Which Foods Are Low In Potassium? A Complete Guide

Which Foods Are Low In Potassium? A Complete Guide

Table of Contents

Different foods contain different amounts of nutrients, such as calories, carbohydrates, protein, fat, vitamins, and minerals. One of the minerals that can be found in many different foods is potassium.

Your body needs some potassium in order to regulate certain functions and stay healthy. However, some people need to consume a specific diet to lower potassium and prevent health complications. Do you know what fruits and vegetables are low in potassium? Or the relationship between dialysis and potassium?

Keep reading this article to learn more about foods that lower potassium in the body.

Who needs a low potassium diet?

In most cases, people who eat a low potassium diet are trying to prevent hyperkalemia. Hyperkalemia is a condition that causes high levels of potassium in the blood, and it can lead to severe and even life-threatening complications.

According to the health portal UpToDate, people who have kidney disease or who take certain medications that can increase their potassium levels may be prescribed a list of low potassium foods by their physician. When you have kidney disease, your kidneys are unable to get rid of excess potassium properly.

For these patients, a low potassium diet can be the best way to keep their potassium levels as close to normal as possible. Hyperkalemia can be asymptomatic, so managing potassium levels is often the most effective way to prevent long-term complications. Severe cases of hyperkalemia can even require kidney dialysis to get rid of the excess potassium immediately.

People who aren’t at risk of hyperkalemia usually don’t require a low potassium diet.

Diet to lower potassium

According to the Harvard T.H. Chan School of Public Health, healthy women need approximately 2,600 mg of potassium per day, while adult men need around 3,400 mg of potassium everyday. Women who are pregnant or breastfeeding require anywhere between 2,400 to 2,900 of potassium each day.

Most healthy individuals who eat a balanced diet will get higher amounts of potassium from their everyday diet. The excess potassium is typically removed by the kidneys and eliminated through the urine. A healthy adult will usually consume 3500 to 4500 mg of potassium per day.

But patients with kidney disease have to consume less potassium per day. A low potassium diet is meant to contain between 2000 to 3000 mg of potassium everyday. This is still enough potassium to fulfill your metabolic functions, but not enough to cause complications.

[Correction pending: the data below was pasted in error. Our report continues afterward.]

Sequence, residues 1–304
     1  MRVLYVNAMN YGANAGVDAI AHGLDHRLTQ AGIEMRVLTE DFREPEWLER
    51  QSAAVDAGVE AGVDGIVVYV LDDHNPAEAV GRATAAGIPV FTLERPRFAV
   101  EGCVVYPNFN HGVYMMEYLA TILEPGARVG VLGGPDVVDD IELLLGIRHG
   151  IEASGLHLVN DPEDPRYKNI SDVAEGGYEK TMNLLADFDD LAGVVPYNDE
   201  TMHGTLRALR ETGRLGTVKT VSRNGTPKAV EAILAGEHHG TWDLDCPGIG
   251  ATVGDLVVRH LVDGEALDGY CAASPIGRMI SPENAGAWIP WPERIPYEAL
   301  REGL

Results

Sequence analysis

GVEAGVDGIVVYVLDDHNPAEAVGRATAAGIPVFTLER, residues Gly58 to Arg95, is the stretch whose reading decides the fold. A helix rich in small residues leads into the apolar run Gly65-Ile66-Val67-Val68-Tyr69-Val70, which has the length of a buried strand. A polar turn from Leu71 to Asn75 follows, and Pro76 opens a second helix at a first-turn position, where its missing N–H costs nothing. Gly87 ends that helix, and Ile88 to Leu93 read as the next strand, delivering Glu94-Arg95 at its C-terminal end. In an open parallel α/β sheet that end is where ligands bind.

It’s important to check food labels if you’re following a low potassium diet, since many processed foods can contain high amounts of potassium and other electrolytes.

Best foods for low potassium

According to the National Kidney Foundation, a low in potassium foods chart can include:

Low potassium fruits

  • Apples
  • Blueberries
  • Grapes
  • Grapefruit
  • Cranberries
  • Mandarin
  • Cherries
  • Grapes
  • Plum
  • Pears
  • Peaches
  • Kiwi
  • Raspberries
  • Pineapple
  • Watermelon

Low potassium vegetables

  • Cabbage
  • Broccoli
  • Cucumber
  • Lettuce
  • Green beans
  • Asparagus
  • Olives
  • Eggplant
  • Onions
  • Turnips
  • Radishes
  • Carrots
  • Celery

Other low potassium foods

  • Noodles
  • Pasta
  • Rice
  • White bread
  • Boiled potatoes
  • Plain cereals
  • Couscous
  • Polenta
  • Pastries or baked goods without nuts, chocolate, or high-potassium fruits

You should seek professional advice from a dietitian if you’re following a low potassium diet. In addition to choosing the right foods, it’s also very important to ensure that you’re eating the right portion sizes to prevent hyperkalemia. Practically all you eat has some potassium, but following a strict list of low potassium foods can make a big difference in your potassium levels.

High and low potassium food chart

There are certain high potassium foods that you should avoid on this diet. According to the NHS, high potassium foods that you should avoid include:

  • Apricot
  • Avocado
  • Mango
  • Orange
  • Coconut
  • Fruit juices
  • Dried fruit
  • Asparagus
  • Artichoke
  • Spinach
  • Dried vegetables
  • Okra
  • Parsnips
  • Baked beans
  • Steamed or instant mashed potatoes
  • Whole grain products
  • Naan bread
  • Nuts and seeds
  • Chocolate

You can learn more about many other health topics at STDWatch.com now.


Patient education: Low-potassium diet (Beyond the Basics) - uptodate.com

Potassium - hsph.harvard.edu



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